Wednesday, 26 September 2012

Photobook Launch: Oktoberfest

Like other festivals and fiestas around the world, when you arrive in Munich for Oktoberfest an other-worldly feeling is palpable. Locals and visitors balance a sense of stolen leisure with an urgency for enjoyment.

At Oktoberfest, the senses become a bit more acute. Of all the sense, taste is bombarded the most (of course). Ears are filled with the music of the oom-pah band. But the sights of the parade, tents and streets are magical as well.

Sharon Lorimer brought a brilliant photographer's eye and a first-time visitor's perspective to capture some of the most enchanting photos of this beer-soaked holiday. As day turned to night, she took photos that brought the energy of the celebration alive again.

So raise a Stein to the pictures of Oktoberfest. They're not just as a refresher of what you can't remember from the previous day!


Kim Khan,
Editor and Writer.

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Wednesday, 19 September 2012

Gafftermath, Voting as an Expat

Opening up to an IHRM colleague I lamented disenfranchisement. His response -- get a postal vote -- could help me resolve the logistics, but not the power issues! The problem isn't my inability to vote at home, but more my inability to participate in either my home or my host country's political process.

Most expats aren't diplomats, they are parents, partners, employees and business people. They talk about cultural transition because that's what they experience, and they ignore the political process because they can't or don't want to participate.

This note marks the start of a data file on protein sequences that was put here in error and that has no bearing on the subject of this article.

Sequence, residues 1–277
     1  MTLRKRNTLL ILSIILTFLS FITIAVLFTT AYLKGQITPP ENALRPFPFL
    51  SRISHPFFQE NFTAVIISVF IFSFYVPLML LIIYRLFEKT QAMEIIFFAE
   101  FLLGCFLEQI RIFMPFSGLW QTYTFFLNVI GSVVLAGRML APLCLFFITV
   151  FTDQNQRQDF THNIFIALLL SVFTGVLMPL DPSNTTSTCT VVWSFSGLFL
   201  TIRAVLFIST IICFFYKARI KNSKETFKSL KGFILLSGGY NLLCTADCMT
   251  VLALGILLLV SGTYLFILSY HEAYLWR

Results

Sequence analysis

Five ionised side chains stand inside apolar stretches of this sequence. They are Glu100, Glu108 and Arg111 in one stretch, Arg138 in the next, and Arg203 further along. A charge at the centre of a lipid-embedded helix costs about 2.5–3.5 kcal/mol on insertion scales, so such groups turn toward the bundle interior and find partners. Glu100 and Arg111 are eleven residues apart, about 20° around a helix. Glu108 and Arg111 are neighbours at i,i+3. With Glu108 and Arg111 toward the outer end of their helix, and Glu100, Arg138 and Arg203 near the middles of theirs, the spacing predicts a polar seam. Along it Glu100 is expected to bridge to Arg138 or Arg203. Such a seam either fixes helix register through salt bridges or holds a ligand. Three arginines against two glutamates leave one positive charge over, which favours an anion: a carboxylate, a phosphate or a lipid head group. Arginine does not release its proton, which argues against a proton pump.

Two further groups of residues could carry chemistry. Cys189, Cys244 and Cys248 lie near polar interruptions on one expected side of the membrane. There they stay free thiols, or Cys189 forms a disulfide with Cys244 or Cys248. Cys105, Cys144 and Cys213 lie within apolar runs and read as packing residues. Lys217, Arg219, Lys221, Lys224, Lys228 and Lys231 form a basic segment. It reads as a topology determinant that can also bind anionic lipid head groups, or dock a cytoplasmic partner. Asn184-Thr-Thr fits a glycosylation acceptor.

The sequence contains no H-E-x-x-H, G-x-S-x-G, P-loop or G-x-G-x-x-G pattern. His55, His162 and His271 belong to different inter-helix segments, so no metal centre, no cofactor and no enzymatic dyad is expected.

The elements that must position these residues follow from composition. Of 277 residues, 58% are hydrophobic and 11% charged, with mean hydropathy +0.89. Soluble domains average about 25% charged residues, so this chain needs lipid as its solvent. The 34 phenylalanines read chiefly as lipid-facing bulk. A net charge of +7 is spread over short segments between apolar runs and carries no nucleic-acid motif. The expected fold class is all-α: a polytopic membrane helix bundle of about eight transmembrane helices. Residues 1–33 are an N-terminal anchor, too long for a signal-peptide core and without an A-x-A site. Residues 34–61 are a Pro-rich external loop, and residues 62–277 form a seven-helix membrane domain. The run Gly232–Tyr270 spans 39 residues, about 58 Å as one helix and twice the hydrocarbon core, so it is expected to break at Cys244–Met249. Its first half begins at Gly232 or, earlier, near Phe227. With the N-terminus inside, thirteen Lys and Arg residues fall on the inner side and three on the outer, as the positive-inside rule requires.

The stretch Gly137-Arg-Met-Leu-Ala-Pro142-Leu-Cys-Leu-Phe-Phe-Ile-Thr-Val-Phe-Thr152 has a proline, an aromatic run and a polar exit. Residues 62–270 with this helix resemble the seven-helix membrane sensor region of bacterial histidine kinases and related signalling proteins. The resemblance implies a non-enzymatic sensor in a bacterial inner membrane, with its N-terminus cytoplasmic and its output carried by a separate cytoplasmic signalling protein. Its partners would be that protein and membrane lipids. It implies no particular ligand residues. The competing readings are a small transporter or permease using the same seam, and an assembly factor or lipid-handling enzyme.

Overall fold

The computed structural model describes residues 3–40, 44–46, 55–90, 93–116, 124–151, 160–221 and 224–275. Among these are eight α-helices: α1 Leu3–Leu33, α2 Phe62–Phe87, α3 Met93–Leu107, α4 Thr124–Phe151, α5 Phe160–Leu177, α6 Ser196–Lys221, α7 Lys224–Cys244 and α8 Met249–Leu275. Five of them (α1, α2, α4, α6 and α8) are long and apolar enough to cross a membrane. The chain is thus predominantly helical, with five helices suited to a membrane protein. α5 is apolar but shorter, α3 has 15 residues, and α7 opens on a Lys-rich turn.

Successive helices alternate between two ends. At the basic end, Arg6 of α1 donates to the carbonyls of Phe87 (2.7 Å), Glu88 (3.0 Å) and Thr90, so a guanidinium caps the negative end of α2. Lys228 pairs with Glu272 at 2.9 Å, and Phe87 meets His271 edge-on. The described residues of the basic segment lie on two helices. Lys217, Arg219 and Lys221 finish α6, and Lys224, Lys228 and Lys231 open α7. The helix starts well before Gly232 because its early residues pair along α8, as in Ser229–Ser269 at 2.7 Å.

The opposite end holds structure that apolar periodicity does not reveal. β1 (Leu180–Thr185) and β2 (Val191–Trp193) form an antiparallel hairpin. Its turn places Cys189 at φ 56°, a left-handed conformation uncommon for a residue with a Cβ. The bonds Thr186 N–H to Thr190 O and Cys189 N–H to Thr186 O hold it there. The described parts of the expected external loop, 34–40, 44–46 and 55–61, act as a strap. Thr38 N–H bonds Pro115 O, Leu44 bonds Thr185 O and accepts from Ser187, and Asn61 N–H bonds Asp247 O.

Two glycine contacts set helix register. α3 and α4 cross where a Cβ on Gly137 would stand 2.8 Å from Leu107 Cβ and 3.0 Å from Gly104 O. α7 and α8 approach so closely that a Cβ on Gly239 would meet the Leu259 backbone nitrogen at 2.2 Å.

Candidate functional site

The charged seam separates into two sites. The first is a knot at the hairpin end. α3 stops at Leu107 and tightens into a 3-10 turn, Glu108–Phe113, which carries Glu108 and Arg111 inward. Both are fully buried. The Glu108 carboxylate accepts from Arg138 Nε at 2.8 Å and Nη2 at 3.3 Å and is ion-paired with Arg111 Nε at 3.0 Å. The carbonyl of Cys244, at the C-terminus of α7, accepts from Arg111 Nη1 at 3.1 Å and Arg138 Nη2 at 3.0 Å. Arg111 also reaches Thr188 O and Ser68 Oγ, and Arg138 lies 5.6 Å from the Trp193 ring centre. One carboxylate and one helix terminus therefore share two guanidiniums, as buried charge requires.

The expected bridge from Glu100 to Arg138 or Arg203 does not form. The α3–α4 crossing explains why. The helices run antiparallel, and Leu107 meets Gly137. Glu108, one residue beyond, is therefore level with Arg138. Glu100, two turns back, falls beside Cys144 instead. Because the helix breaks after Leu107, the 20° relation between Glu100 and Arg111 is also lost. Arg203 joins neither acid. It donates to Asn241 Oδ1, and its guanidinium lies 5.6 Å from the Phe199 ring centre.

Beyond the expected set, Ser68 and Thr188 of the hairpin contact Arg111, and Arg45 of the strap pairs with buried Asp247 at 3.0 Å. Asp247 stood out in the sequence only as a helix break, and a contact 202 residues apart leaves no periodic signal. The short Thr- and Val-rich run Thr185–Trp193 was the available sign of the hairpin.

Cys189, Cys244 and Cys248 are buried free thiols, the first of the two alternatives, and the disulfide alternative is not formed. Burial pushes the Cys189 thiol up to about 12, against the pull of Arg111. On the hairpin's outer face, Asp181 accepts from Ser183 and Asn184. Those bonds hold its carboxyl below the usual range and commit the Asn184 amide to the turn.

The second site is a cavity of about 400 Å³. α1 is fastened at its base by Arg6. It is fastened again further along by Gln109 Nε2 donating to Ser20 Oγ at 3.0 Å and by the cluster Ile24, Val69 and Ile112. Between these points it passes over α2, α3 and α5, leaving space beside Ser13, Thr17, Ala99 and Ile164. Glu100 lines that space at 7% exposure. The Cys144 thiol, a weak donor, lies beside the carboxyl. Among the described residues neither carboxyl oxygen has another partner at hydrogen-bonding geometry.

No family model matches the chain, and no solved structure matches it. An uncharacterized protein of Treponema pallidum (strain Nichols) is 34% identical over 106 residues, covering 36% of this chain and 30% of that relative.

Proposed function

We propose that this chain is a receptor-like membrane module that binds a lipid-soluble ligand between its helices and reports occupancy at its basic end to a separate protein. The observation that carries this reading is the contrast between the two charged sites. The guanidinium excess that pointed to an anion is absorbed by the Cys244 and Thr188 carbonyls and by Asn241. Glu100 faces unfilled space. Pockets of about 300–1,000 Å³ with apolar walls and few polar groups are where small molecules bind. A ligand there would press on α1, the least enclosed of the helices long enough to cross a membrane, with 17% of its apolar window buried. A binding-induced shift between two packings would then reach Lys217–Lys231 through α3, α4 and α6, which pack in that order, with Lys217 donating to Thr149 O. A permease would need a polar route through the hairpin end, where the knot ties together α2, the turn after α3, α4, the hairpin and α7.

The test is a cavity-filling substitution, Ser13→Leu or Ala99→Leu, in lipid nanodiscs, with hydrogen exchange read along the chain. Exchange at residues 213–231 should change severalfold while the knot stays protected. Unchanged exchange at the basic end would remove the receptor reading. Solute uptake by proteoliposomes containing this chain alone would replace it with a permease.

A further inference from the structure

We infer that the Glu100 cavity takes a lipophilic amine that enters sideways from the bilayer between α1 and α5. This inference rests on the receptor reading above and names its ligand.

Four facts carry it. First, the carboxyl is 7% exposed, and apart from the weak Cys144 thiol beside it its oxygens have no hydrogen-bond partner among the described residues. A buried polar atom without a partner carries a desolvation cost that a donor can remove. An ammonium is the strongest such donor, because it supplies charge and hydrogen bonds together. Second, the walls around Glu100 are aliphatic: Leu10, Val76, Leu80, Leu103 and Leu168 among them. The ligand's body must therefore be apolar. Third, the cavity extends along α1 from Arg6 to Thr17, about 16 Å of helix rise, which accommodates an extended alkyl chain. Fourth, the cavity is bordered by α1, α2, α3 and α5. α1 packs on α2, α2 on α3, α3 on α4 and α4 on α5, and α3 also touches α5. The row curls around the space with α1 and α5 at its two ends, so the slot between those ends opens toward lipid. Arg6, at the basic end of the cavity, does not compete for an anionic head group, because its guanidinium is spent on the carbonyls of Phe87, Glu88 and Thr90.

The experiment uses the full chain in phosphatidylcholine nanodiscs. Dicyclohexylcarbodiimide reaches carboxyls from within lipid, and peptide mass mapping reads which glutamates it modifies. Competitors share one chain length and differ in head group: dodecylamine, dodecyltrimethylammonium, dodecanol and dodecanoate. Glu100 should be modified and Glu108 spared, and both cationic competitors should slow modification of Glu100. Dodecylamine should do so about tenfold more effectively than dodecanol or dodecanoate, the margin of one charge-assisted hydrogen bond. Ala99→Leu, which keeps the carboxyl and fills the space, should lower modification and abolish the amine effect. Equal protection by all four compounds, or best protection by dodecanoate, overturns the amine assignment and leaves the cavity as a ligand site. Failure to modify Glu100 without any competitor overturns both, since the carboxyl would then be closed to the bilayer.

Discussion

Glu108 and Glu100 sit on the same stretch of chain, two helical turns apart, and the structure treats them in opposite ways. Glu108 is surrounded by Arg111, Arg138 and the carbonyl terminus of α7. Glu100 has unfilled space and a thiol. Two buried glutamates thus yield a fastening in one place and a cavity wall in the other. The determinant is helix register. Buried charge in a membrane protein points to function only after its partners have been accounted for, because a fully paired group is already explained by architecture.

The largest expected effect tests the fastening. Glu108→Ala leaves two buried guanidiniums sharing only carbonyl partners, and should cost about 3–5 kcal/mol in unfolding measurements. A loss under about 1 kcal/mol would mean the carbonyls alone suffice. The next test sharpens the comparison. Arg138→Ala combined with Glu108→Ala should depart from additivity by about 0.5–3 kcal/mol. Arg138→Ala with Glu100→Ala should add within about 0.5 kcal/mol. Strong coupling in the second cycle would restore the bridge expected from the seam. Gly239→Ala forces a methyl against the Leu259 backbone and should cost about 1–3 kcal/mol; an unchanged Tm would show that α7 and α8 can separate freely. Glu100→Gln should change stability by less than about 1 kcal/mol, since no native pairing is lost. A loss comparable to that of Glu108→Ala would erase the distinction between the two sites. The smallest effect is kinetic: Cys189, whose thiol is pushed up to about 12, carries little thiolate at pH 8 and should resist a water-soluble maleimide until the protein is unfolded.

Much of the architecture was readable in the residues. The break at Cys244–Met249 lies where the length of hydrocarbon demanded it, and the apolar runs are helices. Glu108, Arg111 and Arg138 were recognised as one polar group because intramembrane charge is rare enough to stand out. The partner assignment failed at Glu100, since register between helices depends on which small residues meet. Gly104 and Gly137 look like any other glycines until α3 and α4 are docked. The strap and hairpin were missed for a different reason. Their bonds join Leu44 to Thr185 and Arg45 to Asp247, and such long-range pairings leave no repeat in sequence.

Unfortunately, their very existence is governed by politics. The length of stay, the way that immigrants are treated, the way they do business, how they live, if they can own property, what personal freedoms they have and even in some places where they can go, who they can talk to and what they can wear.

If you aren't a diplomat, how do you get the system -- that you aren't included in -- to work for you? When I go through immigration in my home country, I always go in the line with the non-citizens so I can ensure that my husband's status isn't in question. I talk to my leaders about my issues, I protest and I take part in shaping the society that I come from.

When you are an expat it is difficult to have the same confidence in the political process. You aren't able to vote and politicians aren't legally responsible to help you. Your embassy can't resolve every interaction that you have that goes wrong.

Immigrants are scapegoated and targeted by unethical people who often use the justification that they should be treated better than you because they've been living in a place longer. You are excluded with the justification that you are transient and that someone native should be given the rewards of better housing, or a promotion at work, or just be liked more.

In the end, power plays become racist.

Related Blogs

Editor's Note: This is the first in a series of blogs about expat disenfranchisement that I will post during the run-up to the American presidential elections.

Tuesday, 11 September 2012

Editor's Picks for the Summer Roundup

Sharon Lorimer
The Nature Abroad blog is a surprise hit for me. When I was choosing these links, the traffic spiked and brought it to my attention again. I like this blog because it is something that most of us don't take into consideration when looking at places to live, especially in new places, but it can make a big difference to your quality of life. 

I've just published a cookbook influenced by my travels and I thought you might enjoy reading my idea of a gastropub menu. The cookbook demonstrates how you can take local ideas and create a global mindset from your national identity. The blog on Think Globally, Act Locally helps you understand the pitfalls on the way to creating a global mindset.


Editor's Picks
Summer Roundup
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    Thursday, 6 September 2012

    #globalhub September - Expat Trends: How will 2012 end?